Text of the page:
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Born in the Wrong Time

October 6, 2011

Dear Hoping,

I have been considering your problem every day for the past six months. Your letter is affixed to the wall above my desk, between an illustration of a fluffy yellow chick and a drawing of myself as a Russian princess feeding peacocks.

While Kate’s reply is sensible advice, and probably well worth heeding, I can’t help but feel that she is the kind of woman who has never inhabited the fringe of conversations, struggling with her internal monologue: Who are these people? Why don’t I find that funny? Am I from another planet entirely?

According to Kate you and I are nostalgics. We can’t deal with the present so we seek refuge in a place we have the ability to shape according to our desires: the past. As I sit here writing to you I am surrounded by objects, many of which are older than myself. I feel an attraction to these objects, as I believe that they become more animate over time, they develop spirits. I am lucky to be able to inhabit this world, as many people in the world have no choice as to the world they live in, but this privilege does not alter the often terrible shock of adjustment to the world out there.

Yesterday I found myself in Bankstown Centro, a hell of a place. Never go there. A sprawling shopping mall with crowds – actual crowds – of people, and no obvious exits. Things were terribly Bosch, as I wandered in an increasing panic I came across the terrible scene of children in harnesses, bouncing up and down in tall rack-like contraptions. No one seemed to share my panic. I had to ask a girl at Fields of Fruit (which were not fields, they were display cases with piles of miserable apples and oranges) how to escape. She gave me a look which allowed me to see into her innermost thoughts: she too would have got out of there if she could have. Had the world been different I would have grabbed her hand and we would have run through the crowds and out of that place, to find the real fields of fruit, however far away they might  be.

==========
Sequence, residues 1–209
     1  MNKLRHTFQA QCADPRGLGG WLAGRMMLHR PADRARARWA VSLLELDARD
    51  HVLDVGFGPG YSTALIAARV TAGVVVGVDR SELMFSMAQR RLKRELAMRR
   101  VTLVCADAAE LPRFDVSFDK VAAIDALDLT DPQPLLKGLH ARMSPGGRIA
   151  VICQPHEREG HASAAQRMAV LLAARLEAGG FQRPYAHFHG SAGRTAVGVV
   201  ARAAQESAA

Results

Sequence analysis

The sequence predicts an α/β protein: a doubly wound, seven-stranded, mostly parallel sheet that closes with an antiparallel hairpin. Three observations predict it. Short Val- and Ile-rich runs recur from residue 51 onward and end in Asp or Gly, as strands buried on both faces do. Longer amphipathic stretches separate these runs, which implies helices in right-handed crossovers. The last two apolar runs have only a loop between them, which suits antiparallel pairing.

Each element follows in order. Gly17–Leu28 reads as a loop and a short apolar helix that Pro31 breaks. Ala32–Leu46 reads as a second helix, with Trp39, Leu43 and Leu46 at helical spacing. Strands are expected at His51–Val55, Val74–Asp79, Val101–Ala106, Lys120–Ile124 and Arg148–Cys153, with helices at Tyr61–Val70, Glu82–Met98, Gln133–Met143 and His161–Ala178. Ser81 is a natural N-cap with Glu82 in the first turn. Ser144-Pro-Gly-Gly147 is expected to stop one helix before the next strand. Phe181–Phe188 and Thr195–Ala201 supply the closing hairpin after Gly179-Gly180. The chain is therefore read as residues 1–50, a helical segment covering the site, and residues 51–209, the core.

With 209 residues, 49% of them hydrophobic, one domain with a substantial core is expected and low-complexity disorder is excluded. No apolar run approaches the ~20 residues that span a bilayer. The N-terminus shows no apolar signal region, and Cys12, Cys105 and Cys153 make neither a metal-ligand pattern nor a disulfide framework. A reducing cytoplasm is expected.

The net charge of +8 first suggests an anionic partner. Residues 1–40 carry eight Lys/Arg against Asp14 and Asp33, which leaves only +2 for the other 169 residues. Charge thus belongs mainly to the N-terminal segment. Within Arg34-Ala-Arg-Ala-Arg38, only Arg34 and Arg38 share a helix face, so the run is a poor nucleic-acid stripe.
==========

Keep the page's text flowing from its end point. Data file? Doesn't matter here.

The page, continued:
Hoping, you are right to hope. There is hope, and in some moments you come across it. But the signs are subtle, almost imperceptible. This is why I started to write. I knew that nothing much good could ever come out of a conversation at a party, but if I put as many clues as possible into words, then they would reach the people for whom they were intended.

Yours in love of trees,

Vanessa.

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3 Comments leave one →
  1. Natasha permalink
    October 8, 2011 9:17 am

    Where did you find the letter from Hoping?

  2. Vanessa Berry permalink*
    October 8, 2011 9:57 am

    It was from a Woman’s Day from the 70s. I found it during the “Den” that me and Clara Tzara made for the Format festival earlier this year, when I was lounging and reading 70s magazines.

  3. December 8, 2014 5:10 am

    Hello Vanessa, Great thoughts going on here, and it reached whom it was intended. I have the certainty of this being true with an extension of this story.
    I like using the Google search site as an Oracle of sorts, a modern take on the I CHING of Oriental fame. I get into a proper state of mind and form an exact question to ask and submit it to be “Googled”.
    When I do this I take it to be from an aspect of A.I. (artificial intelligence) / Tulpa creation of Mind, that is developing in the Noosphere; as Pierre Teilhard de Chardin said so many years ago. It (Google/Noosphere-Tulpa) answers and I came across Images and found the image you have from the old Woman’s Day magazine of the 70’s. Ah Time Travel is so wonderfully synchronistic.
    I too have had my own Bankstown Centro experiences and think the same of grabbing someone to save them, myself from the madness. It is atavistic almost in nature, a rapture of something akin to seeing Pan, and that primal Panic sets in to flee.
    I was going to write my own ditty about this, but now having followed the footpath I found thanks to the Oracle Google, I just wish to add these thoughts. Time is fluid, yet all we have is the Now. Embrace it and bring it’s best out is all we can really do. Unless you learn time travel.
    Sincerely
    Scott

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